Provided by: hdf4-tools_4.2.14-1_amd64 bug

NAME

       hdfimport - imports ASCII or binary data into HDF

SYNOPSIS

       hdfimport <infile> [ [-t[ype] output-type | -n] [ <infile> [-t[ype] output-type | -n] ...
                 ] ] -o[utfile] outfile [-r[aster] [ras_opts ...]] [-f[loat]]

DESCRIPTION

       hdfimport converts floating point data to HDF  Scientific  Data  Set  (SDS)  and/or  8-bit
       Raster Image Set (RIS8) format, storing the results in an HDF file.  The image data can be
       scaled about a mean value.

OPTIONS

       infile(s)
              Name of the input file(s), containing a single two-dimensional or three-dimensional
              floating point array in either ASCII text, native floating point, native integer or
              HDF SDS format.  If an HDF file is used for input, it must contain an SDS.  The SDS
              need  only contain a dimension record and the data, but if it also contains maximum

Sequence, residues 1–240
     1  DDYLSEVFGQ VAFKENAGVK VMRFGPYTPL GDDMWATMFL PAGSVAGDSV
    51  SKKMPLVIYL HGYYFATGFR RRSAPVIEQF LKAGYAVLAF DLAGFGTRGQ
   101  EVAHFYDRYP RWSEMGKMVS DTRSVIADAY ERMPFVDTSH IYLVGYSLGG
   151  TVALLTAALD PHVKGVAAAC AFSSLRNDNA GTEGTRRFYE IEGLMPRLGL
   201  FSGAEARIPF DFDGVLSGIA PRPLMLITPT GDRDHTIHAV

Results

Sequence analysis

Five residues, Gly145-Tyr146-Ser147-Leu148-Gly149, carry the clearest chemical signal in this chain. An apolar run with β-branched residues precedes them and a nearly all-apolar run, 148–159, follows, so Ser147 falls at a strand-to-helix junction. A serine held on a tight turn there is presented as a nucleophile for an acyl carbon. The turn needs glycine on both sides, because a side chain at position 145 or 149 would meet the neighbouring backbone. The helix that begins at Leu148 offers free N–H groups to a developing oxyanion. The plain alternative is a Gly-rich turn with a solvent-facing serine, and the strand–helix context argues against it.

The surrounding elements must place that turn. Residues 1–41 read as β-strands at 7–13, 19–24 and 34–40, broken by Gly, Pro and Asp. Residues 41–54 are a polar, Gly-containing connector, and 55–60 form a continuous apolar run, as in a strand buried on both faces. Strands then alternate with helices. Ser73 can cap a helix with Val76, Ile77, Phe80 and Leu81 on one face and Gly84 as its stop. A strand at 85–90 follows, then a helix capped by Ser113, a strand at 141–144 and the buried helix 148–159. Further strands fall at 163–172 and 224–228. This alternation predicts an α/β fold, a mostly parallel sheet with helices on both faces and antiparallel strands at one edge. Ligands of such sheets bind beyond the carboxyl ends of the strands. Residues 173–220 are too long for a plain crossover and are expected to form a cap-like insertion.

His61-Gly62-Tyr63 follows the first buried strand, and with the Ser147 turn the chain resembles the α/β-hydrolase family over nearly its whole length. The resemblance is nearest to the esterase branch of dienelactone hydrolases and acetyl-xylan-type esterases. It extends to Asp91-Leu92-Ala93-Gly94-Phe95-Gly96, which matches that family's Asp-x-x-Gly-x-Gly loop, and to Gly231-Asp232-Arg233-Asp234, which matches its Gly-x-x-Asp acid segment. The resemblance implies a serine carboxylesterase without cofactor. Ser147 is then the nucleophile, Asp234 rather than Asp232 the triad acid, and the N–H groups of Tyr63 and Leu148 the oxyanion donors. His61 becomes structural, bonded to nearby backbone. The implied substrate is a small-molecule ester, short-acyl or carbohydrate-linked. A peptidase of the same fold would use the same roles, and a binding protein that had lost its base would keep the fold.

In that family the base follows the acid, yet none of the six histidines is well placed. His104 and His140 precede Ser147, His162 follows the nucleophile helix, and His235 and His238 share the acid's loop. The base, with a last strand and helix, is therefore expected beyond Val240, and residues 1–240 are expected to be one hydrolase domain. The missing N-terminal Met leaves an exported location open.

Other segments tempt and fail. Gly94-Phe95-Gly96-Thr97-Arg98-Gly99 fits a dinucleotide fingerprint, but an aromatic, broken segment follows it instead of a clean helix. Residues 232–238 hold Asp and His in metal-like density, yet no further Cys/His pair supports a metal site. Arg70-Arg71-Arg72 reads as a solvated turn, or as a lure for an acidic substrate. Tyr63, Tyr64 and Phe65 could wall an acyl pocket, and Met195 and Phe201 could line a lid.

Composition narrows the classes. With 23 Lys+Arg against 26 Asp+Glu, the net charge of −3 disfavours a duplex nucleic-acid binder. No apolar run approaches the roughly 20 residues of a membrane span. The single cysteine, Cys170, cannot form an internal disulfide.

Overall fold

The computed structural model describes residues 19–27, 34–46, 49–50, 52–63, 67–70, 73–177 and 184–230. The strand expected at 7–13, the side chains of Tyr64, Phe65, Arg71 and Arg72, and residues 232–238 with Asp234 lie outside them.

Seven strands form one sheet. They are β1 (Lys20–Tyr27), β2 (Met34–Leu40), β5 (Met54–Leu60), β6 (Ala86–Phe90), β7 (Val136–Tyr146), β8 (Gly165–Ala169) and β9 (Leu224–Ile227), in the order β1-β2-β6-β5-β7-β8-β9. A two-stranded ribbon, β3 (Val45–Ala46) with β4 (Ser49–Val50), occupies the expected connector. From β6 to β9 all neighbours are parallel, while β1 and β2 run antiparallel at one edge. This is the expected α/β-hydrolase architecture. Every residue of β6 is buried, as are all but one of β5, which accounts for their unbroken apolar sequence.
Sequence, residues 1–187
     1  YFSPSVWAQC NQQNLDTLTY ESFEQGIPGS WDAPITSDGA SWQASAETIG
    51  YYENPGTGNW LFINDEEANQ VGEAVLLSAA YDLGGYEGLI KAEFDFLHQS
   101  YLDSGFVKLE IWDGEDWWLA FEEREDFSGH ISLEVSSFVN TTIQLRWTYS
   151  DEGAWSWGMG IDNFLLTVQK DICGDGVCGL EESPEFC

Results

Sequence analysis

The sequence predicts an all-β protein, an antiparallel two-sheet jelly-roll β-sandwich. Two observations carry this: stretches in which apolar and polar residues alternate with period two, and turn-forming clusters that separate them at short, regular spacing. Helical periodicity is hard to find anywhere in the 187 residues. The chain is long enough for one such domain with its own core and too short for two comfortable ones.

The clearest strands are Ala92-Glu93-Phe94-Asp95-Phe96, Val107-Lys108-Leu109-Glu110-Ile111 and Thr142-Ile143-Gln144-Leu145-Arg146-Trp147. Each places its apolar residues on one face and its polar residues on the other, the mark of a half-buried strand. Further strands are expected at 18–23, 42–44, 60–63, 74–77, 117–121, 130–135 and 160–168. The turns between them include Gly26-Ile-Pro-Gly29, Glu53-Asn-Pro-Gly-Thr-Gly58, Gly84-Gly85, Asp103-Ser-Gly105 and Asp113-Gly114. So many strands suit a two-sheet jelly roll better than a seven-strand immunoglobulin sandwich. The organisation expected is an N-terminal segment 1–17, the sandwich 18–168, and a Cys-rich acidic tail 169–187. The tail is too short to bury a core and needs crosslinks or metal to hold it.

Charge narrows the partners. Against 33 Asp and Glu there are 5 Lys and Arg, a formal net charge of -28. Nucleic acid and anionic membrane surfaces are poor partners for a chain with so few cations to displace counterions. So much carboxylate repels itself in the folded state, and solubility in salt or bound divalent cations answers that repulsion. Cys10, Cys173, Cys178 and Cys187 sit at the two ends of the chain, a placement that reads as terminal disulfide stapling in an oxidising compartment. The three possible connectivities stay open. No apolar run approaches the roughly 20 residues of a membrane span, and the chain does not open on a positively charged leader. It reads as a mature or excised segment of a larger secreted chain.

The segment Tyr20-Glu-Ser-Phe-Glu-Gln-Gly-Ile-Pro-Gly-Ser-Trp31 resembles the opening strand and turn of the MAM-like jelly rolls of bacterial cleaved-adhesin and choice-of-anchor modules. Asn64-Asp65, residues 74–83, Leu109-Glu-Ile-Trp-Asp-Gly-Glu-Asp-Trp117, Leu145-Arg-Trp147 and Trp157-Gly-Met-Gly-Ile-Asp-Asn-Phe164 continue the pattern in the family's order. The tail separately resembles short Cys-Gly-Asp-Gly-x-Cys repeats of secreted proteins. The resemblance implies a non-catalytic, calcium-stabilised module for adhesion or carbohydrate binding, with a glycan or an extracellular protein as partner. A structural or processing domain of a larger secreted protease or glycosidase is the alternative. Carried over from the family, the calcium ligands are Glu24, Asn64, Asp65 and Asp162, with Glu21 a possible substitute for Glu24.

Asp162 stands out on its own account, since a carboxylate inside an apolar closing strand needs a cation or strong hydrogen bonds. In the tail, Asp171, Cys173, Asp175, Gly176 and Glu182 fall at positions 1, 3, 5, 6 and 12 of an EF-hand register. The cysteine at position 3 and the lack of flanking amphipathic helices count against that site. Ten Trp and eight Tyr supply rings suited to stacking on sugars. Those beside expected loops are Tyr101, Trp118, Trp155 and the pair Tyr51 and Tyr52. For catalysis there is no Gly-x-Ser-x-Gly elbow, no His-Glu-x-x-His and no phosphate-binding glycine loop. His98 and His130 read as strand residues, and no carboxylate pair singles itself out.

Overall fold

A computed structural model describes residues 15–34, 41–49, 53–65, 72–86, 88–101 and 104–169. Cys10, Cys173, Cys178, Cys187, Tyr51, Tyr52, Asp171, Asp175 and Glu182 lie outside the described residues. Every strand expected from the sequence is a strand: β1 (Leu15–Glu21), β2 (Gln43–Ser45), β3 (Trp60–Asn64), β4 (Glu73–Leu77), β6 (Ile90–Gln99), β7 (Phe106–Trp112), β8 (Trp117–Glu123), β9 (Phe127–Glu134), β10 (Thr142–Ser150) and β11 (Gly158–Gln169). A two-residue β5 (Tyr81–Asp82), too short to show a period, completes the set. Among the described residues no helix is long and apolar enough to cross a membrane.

and minimum values and/or scales for each axis, these will be used.  If  the  input
              format  is ASCII text or native floating point or native integer, see "Notes" below
              on how it must be organized.

       -t[ype] output-type
              Optionally used for every input ASCII file to specify the data type of the data-set
              to  be  written.  If  not  specified  default  data  type is 32-bit floating point.
              output-type can be any of the following: FP32 (default), FP64, INT32, INT16,  INT8.
              It can be used only with ASCII files.

       -n     This  option  is  to be used only if the binary input file contains 64-bit floating
              point data and the default behaviour (default behaviour is to write it to a  32-bit
              floating  point  data-set)  should  be  overridden to write it to a 64-bit floating
              point data-set.

       -t[ype] output-type
              Data from one or more input files are stored as one or more data sets and/or images
              in one HDF output file, "outfile".

       -r[aster]
              Store output as a raster image set in the output file.

       -f[loat]
              Store  output  as a scientific data set in the output file.  This is the default if
              the "-r" option is not specified.

       [ras_opts ...]

              -e[xpand] horiz vert [depth]
                     Expand float data via pixel replication to produce  the  image(s).   "horiz"
                     and "vert" give the horizontal and vertical resolution of the image(s) to be